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289
Occurrence of Methicillin-Resistant Staphylococcus aureus (MRSA) Surgical Site Infections (SSIs) of Total Knee and Total Hip Arthroplasty (TKA and THA) Procedures within Veterans Health Administration Medical Centers

Session: Poster Abstract Session: MRSA and VRE
Thursday, October 9, 2014
Room: The Pennsylvania Convention Center: IDExpo Hall BC
Background: TKAs and THAs are typically clean surgeries.  Though rare, they can become infected post-surgically.  Staphylococcus aureus is a common etiologic agent for causing SSI in these surgeries.   Infection with MRSA has been contributing to larger percentage of these infections.  VA’s MRSA Prevention Initiative started early in 2007 and was completely operational by October 2007. During this time, no specific system-wide guidelines for routine pre-operative decolonization practices have been implemented.  We analyzed data in association with VA’s MRSA Prevention Initiative to see if there was a decrease in MRSA SSIs associated with TKAs and THAs.

Methods: From 2008 through 2012, TKA/THA surgeries done and infections with MRSA in these surgeries have been tracked up to 1-year post surgical implantation of the artificial joint.  Poisson regression of combined TKA/THA annual rates was performed for the 5-year period for trend.

Results: From among its 151 medical center sites, VA had 98 which performed one or more TKAs/THAs during the analysis period.  55,454 TKAs/THAs were reported from VAMCs.  Of those 55,454, 336 (0.61%) had an SSI within 1 year of the surgery.  The table below indicates annual rates from the analysis.

 

MRSA-associated TKA/THA SSI rates 1 year after implantation

mean

95% LCL

95% UCL

*FY2008

0.79%

0.67%

0.94%

FY2009

0.69%

0.61%

0.78%

FY2010

0.60%

0.54%

0.67%

FY2011

0.52%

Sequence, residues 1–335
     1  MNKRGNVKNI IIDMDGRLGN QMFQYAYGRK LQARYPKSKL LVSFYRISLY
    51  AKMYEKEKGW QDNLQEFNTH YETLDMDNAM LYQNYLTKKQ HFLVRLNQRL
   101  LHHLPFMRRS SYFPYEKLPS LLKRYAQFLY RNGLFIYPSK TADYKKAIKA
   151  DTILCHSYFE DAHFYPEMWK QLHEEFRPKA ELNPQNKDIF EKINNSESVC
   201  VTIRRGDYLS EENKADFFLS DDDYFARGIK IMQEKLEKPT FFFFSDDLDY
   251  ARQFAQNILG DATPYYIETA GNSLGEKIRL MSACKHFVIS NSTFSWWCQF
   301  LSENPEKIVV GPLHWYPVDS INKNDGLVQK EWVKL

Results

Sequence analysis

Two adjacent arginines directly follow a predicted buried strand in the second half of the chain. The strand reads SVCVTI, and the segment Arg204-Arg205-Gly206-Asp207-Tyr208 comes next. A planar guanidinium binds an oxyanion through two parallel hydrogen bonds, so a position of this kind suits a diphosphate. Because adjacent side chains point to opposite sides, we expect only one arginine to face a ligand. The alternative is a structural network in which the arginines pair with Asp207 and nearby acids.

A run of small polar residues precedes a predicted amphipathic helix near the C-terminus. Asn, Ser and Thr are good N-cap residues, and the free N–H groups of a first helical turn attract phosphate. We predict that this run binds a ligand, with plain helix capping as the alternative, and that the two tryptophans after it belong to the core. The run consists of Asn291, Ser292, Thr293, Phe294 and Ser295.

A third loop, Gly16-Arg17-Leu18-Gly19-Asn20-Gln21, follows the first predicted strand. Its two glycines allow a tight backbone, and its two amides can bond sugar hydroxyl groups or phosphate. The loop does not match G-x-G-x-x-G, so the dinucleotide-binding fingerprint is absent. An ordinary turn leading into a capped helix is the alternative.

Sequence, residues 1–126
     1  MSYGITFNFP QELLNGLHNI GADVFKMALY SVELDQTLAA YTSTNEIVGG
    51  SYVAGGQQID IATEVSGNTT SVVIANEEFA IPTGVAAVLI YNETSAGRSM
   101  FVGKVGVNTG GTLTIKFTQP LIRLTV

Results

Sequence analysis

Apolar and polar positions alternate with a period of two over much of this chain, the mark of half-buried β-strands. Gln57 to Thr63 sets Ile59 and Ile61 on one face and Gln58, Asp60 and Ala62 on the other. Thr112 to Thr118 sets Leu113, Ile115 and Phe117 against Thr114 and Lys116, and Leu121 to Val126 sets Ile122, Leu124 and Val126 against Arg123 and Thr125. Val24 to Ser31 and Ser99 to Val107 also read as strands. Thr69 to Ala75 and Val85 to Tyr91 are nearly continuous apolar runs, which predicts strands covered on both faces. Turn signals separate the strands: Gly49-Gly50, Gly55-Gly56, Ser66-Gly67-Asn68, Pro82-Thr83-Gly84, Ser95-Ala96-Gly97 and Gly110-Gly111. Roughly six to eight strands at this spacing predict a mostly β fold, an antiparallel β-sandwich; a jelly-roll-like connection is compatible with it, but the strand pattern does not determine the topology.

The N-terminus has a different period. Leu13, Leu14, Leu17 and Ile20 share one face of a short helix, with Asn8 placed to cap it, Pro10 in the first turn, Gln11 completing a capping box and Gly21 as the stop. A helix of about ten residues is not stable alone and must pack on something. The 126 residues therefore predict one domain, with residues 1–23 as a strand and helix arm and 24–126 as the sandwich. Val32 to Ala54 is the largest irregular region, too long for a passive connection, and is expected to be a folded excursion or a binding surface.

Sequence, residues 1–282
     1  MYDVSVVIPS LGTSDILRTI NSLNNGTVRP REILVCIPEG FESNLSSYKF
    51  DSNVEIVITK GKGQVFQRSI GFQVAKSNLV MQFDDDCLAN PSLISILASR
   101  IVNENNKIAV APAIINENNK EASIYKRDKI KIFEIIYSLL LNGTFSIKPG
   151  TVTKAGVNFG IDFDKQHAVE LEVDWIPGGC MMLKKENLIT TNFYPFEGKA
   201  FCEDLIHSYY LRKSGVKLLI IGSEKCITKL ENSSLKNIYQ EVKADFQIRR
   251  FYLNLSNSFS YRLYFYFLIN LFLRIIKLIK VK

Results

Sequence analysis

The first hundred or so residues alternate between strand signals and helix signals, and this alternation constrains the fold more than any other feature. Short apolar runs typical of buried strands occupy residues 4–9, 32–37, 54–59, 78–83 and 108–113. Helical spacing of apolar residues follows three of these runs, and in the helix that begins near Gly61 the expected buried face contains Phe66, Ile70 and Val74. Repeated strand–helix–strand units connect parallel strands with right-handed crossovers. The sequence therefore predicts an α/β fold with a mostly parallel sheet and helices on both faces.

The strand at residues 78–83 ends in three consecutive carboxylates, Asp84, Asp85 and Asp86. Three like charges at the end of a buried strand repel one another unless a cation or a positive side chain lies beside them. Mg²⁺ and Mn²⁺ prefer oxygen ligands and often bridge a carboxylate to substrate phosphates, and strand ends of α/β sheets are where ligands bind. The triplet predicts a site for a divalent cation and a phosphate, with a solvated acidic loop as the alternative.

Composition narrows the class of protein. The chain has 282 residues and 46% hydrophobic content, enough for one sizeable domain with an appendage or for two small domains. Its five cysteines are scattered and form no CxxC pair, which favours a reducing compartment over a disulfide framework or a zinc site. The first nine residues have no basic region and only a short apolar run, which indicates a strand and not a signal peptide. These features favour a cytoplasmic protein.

0.45%

0.60%

FY2012

0.46%

0.37%

0.56%

P=0.0004 for decrease by Poisson regression evaluating all sites annually over time

*FY=Federal Fiscal Year (running from Oct 1 through Sept 30).

Conclusion: Decrease of mean MRSA-associated TKA/THA SSI rates by over 40% was seen between 2008 and 2012, in temporal association with the MRSA National Prevention Initiative.

Stephen Kralovic, MD, MPH1,2,3, Martin Evans, MD4,5, Loretta Simbartl, MS1, Judith Whitlock, RN, MSN, APRN4, Marla Clifton, RN, MSN, CIC1, Rajiv Jain, MD6 and Gary Roselle, MD1,2,3, (1)National Infectious Diseases Service, Department of Veterans Affairs Central Office, Cincinnati, OH, (2)Division of Infectious Diseases, University of Cincinnati, Cincinnati, OH, (3)Cincinnati VA Medical Center, Cincinnati, OH, (4)Department of Veterans Affairs Central Office National Infectious Diseases Service MRSA/MDRO Prevention Office, Lexington, KY, (5)Lexington VA Medical Center, Lexington, KY, (6)Department of Veterans Affairs, Veterans Health Administration Central Office Patient Care Services, Washington, DC

Disclosures:

S. Kralovic, None

M. Evans, None

L. Simbartl, None

J. Whitlock, None

M. Clifton, None

R. Jain, None

G. Roselle, None

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